Tuesday, July 28, 2009
I've been employed seasonally since 2005, and this is the opportunity that I've been hoping for. The permanent jobs just don't come along very often, and when they do, they are so competitive it's usually not worth trying. Even the seasonal jobs I'm competitive for usually fall through. But my strategy of applying for a job that opened while everyone else was working (during the summer) and in a place no one knows about, in a state people don't usually flock to, seems to have paid off again.
Duties are more limited at Ft. Larned so my job classification is "Park Guide." I will do some of the usual duties of visitor centers and guided programs, but I will also get to do living history demonstrations. Ft. Larned is a historic U.S. Army fort on the Santa Fe Trail.
Of course, I owe thanks to the many people that have helped me all along the way at Glacier National Park, Theodore Roosevelt National Park, and Pipestone National Monument.
Monday, July 27, 2009
Me: "Can you be more specific?"
Visitor: "It sounded like... 'HUUUNGH!'"
Me: "Ha! Can you make that sound again?!"
I apologize for a lack of theme or common thread to the post this week, but there has been a lot going on that I just want to make notes about.
There was an explosion of wildflowers this past week with the leadplant and yellow prairie coneflowers lighting up the prairie with purple and yellow. The native, warm season grasses are shooting up and will get very tall soon. I forgot to bring my camera this week to take a picture of it, but it turned out I was too busy anyway. Speaking of tall, the farmers' corn has shot up and across much of southern Minnesota, the corn is flowering. The weather has been very nice! I haven't had to use my air conditioner since June! After a couple wet weeks at the beginning of July, it has dried out, partly because of the high pressure system that is also keeping temperatures down.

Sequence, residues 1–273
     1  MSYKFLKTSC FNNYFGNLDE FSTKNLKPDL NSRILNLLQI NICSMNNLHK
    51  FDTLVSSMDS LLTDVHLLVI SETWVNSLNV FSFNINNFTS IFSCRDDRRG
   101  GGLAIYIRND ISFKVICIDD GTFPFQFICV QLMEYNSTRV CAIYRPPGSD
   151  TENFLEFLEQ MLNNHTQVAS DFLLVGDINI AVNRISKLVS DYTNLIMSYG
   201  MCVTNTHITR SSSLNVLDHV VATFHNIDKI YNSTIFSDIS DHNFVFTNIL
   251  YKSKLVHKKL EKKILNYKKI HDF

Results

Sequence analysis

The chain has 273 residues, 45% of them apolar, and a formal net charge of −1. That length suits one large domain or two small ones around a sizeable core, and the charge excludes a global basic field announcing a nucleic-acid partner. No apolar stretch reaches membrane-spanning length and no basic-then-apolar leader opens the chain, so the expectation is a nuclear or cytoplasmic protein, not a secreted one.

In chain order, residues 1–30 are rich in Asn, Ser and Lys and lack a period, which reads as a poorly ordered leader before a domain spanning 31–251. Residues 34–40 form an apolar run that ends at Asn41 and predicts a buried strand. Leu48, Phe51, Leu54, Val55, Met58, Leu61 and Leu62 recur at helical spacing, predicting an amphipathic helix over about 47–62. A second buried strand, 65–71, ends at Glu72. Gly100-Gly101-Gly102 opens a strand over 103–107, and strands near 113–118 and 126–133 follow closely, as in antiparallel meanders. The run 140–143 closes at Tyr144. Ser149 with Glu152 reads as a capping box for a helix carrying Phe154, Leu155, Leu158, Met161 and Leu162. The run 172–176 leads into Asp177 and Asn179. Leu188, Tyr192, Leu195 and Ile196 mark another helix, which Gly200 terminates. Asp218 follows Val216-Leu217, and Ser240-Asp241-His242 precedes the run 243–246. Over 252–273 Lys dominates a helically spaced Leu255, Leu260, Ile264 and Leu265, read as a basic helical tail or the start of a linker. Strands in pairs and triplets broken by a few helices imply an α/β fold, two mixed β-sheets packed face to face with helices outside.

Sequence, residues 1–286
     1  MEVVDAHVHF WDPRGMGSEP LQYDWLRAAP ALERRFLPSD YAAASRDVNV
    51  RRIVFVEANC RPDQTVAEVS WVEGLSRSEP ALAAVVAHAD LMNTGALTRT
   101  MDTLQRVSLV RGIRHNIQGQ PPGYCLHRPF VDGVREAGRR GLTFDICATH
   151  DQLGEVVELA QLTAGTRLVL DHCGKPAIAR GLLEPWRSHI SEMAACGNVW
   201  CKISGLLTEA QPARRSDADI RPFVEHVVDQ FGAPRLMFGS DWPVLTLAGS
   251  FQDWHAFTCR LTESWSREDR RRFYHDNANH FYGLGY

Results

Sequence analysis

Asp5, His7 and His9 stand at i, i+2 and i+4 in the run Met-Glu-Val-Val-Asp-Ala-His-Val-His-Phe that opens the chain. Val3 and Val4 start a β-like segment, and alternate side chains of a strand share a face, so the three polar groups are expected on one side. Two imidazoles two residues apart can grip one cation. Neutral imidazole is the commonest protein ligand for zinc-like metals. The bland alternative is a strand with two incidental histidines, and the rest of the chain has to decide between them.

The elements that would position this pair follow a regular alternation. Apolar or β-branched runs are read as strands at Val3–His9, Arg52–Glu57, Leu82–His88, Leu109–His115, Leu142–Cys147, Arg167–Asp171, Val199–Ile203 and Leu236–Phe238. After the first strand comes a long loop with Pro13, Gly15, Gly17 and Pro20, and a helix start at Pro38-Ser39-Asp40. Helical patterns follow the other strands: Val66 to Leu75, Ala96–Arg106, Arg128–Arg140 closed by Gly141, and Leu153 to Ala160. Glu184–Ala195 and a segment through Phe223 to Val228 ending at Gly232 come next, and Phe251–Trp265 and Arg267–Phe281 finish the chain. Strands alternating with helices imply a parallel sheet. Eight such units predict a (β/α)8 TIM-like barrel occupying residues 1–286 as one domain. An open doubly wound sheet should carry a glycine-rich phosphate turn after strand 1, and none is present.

This was a busy weekend in the park as the Love of the Land Rendezvous went on. It's not as big of an affair as North American Indian Days out in Browning, MT, but it's basically all the same things you might expect if you've been to that sort of event before: drumming and dancing, arts and crafts, indian tacos. Alice Erickson made some great indian tacos. One of those is plenty enough to eat for a whole day. The rendezvous kept us busy in the park over the weekend and we had more visitors on Saturday than any other day yet this summer. My grandparents came to visit on their way to a family reunion in South Dakota, and it was nice to see them if only for a short while!
On Thursday, I was walking the trail and found a deer with a spotted fawn prancing around her in the grass. Then I noticed a pair of orchard orioles flitting around in the trees nearby. I watched them for a while since I had not seen then in several weeks. Proceeding down the trail, I saw the male red-winged blackbird in a perch he typically uses, but this time, he was squawking and making a variety of angry noises at me. The female appeared and fluttered around my head a little bit. It was obvious they had a nest there, so I played with them a little bit, stepping one step closer and making them get agitated, then stepping away a step or two and letting them calm down before stepping closer again. I was amusing myself with that when I heard an unfamiliar, piercing honk sound. It was a green heron, which flew in and perched at the top of a nearby tree. Sometimes you see everything all at once!